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Three weeks ago, when Turkey was scrambling to defend the lira ahead of local municipal elections, a potentially destabilizing event which saw significant selling of the currency (and which ended up badly for Erdogan's ruling AKP party, which lost control of the two most important cities, Ankara and Istanbul), we reported that "the Turkish central bank had burnt through at least a third of its foreign reserves in March in an effort to stem a plunge in the lira", in a repeat of the crisis that engulfed the lira last summer and triggered a blast of inflation and the first recession in a decade, and was "putting the country on path to a full-blown currency and funding crisis."
And despite what was a clear, continued central bank defense of the Turkish lira since then, Turkey's official reserves actually appeared to rise, in what was meant to telegraph confidence in the currency and give the impression that the lira was stable without continued central bank support.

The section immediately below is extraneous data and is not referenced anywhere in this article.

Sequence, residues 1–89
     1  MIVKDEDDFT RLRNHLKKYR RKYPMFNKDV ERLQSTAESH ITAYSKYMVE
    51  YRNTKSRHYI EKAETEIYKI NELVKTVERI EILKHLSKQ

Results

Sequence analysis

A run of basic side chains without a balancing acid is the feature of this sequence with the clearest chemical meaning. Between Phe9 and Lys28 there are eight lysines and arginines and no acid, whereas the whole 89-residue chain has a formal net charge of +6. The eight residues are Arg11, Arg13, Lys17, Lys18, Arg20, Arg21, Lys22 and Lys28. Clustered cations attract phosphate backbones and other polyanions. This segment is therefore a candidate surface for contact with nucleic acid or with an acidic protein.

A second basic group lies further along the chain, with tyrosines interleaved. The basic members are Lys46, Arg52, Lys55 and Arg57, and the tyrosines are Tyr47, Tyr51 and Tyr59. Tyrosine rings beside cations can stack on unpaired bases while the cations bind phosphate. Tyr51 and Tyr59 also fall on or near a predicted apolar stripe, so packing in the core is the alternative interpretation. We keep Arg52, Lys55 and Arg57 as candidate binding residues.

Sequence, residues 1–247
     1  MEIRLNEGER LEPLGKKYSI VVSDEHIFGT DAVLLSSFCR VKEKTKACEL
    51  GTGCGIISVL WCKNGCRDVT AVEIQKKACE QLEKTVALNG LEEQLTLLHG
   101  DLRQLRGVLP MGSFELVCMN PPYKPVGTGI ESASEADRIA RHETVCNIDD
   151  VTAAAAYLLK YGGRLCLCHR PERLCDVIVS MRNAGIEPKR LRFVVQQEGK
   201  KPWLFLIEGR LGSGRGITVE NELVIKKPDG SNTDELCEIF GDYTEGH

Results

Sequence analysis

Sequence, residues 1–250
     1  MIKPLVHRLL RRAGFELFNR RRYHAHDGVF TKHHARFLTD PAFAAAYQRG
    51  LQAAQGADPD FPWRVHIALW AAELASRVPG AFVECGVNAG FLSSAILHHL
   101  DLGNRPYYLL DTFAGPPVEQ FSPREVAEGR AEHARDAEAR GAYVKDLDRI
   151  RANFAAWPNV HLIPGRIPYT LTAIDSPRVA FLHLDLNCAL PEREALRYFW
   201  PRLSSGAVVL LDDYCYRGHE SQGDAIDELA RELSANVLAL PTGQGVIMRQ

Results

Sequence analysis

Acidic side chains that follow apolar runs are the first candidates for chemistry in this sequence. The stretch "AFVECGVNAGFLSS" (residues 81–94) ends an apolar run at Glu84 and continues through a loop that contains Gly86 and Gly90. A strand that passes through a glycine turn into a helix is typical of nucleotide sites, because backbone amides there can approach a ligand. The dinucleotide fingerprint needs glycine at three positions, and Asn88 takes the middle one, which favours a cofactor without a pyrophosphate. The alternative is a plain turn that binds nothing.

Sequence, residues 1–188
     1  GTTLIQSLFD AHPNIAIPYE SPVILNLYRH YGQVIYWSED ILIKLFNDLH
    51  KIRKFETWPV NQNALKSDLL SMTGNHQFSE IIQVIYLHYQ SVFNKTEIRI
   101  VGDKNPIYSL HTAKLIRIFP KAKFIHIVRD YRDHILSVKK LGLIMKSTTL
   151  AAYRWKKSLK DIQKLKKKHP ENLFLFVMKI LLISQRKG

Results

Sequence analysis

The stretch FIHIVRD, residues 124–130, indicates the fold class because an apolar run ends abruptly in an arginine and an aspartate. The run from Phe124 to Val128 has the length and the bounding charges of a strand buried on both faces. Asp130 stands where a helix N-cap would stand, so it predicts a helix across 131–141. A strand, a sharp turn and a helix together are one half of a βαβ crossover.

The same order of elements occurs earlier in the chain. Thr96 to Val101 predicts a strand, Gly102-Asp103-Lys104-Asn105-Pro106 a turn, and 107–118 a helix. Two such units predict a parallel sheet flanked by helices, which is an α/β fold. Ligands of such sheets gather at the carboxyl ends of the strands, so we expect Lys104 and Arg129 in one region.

Problem - Bank - State - Country - Reserves
There was just one problem: the central bank appears to have been if not lying, then grossly misrepresenting the true state of the country's foreign reserves .
As it turns out, Turkey has been pulling a financial trick popularized by China's PBOC for the past several years, and according to the FT, the country's central bank was propping up its foreign currency reserves with billions of dollars of short-term borrowed money, "raising fears among analysts and investors that the country is overstating its ability to defend itself in a fresh lira crisis."
High - End - March - Turkey - Reserves
After tumbling from a recent high of $34 billion to $25 billion at the end of March, Turkey reported that the net foreign reserves held by the central bank stood at $28.1 billion in early April — a sum which the FT notes was already believed to...
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